U.S. stocks hardly budged Monday as smaller firms and retailers rose while health care companies and banks declined. Chemical and mining companies rose as the dollar weakened.
Precious metals rose as the dollar, already at its lowest levels in almost a year, weakened a bit further. Bond yields slipped, sending banks lower and high-dividend stocks like utilities and household goods companies higher.
With indexes at or near record highs and another round of corporate earnings reports just beginning, investors didn’t make many big moves and stocks wobbled between small gains and losses all day.
Investors expect another solid round of corporate earnings, and they think the Federal Reserve will be more cautious about raising interest rates because of some weak economic data, including Friday’s report on retail sales.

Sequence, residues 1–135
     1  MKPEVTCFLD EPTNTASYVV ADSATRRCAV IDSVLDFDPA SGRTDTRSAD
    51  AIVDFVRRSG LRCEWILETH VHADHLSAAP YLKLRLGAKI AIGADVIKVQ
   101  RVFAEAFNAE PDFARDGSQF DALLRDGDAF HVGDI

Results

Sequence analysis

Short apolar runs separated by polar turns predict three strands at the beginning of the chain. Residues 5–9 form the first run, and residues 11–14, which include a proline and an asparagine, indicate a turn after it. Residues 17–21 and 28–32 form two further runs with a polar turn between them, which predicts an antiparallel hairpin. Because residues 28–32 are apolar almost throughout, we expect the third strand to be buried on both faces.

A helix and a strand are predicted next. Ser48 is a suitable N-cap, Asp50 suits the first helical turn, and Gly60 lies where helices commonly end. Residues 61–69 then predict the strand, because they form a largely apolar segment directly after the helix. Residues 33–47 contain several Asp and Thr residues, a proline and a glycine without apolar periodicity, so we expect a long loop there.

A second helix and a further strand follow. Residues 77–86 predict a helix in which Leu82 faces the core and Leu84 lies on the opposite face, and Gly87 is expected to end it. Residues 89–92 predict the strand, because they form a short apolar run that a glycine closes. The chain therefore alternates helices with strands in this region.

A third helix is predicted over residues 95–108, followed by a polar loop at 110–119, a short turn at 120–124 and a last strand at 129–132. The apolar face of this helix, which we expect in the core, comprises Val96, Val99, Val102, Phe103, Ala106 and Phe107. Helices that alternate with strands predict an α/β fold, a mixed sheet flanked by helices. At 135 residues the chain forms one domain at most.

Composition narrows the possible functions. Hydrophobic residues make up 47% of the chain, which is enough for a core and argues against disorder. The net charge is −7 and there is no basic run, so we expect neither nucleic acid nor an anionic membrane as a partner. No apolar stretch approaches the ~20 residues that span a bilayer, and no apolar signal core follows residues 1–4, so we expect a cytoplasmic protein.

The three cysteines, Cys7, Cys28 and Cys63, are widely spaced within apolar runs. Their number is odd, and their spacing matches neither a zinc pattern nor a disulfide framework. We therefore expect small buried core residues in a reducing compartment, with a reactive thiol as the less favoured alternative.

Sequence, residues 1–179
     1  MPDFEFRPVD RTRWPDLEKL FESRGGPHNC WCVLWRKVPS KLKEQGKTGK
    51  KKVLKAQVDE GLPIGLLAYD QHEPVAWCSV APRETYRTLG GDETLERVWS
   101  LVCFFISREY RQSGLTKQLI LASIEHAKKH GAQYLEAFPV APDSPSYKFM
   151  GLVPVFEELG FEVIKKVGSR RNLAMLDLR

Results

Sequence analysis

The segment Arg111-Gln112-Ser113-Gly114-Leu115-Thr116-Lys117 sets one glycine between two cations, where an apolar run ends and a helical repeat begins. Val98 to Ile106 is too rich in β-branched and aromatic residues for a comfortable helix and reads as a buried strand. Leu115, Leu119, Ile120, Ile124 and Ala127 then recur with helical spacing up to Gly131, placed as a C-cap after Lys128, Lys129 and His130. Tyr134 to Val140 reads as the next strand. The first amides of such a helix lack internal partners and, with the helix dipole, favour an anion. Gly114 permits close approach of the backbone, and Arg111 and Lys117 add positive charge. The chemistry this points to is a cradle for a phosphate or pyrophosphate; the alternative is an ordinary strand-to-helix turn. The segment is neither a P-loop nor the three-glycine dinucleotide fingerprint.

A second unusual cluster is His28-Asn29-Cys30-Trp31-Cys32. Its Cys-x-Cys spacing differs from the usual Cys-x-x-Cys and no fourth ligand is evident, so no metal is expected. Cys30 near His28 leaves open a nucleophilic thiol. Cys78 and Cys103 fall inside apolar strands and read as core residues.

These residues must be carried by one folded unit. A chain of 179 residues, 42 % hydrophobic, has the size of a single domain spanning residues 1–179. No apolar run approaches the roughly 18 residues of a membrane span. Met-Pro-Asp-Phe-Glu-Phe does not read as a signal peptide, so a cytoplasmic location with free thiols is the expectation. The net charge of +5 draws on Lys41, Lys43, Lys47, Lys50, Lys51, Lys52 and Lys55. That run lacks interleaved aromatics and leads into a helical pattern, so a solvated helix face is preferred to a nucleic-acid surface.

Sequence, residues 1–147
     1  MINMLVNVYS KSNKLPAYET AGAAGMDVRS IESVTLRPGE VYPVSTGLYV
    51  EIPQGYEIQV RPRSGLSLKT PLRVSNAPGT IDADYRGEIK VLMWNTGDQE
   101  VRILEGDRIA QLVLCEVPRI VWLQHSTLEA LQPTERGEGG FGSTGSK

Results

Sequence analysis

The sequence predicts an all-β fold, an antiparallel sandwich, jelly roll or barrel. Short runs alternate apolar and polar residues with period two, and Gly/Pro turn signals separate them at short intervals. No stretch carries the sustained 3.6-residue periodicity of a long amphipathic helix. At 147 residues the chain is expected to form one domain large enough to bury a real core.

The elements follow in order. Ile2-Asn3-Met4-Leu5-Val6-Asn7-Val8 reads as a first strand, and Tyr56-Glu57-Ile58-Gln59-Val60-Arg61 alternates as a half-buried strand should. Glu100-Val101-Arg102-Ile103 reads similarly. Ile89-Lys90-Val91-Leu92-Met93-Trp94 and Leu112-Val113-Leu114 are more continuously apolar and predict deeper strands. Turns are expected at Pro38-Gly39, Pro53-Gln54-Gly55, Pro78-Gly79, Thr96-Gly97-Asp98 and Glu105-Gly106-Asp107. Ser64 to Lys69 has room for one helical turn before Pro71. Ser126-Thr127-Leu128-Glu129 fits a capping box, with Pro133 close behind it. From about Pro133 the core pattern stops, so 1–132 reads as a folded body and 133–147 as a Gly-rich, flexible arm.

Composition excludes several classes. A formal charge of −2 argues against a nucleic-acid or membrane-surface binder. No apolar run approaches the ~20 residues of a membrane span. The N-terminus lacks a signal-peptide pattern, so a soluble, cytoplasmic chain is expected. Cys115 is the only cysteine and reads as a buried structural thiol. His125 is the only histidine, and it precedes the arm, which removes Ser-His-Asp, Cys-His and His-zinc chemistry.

“The fundamental picture for investors seems to be sort of strangely perfect, with improving fundamentals and a central bank with its foot that was only weakly on the gas coming off the gas,” said Katie Nixon, chief investment officer for Wealth Management at Northern Trust.
The Standard & Poor’s 500 index lost 0.13 points to 2,459.14. The Dow Jones industrial average shed 8.02 points to 21,629.72. The Nasdaq composite gained 1.97 points to 6,314.43. The Russell 2000 index of smaller-company stocks rose 2.79 points, or 0.2 percent, to 1,431.60.
The S&P 500, Dow and Russell 2000 all closed at record highs Friday. The Nasdaq has rallied almost 4 percent in the last seven days, and it’s recovered almost all of the losses it sustained when technology companies went into a slump in early June.
The dollar has been declining this year as investors have concluded the federal government isn’t close to any kind of infrastructure spending package, which would strengthen the U.S. economy. Meanwhile economies in Europe are doing better and interest rates there are rising, which makes European currencies stronger.
The dollar rose to 112.66 yen from 112.56…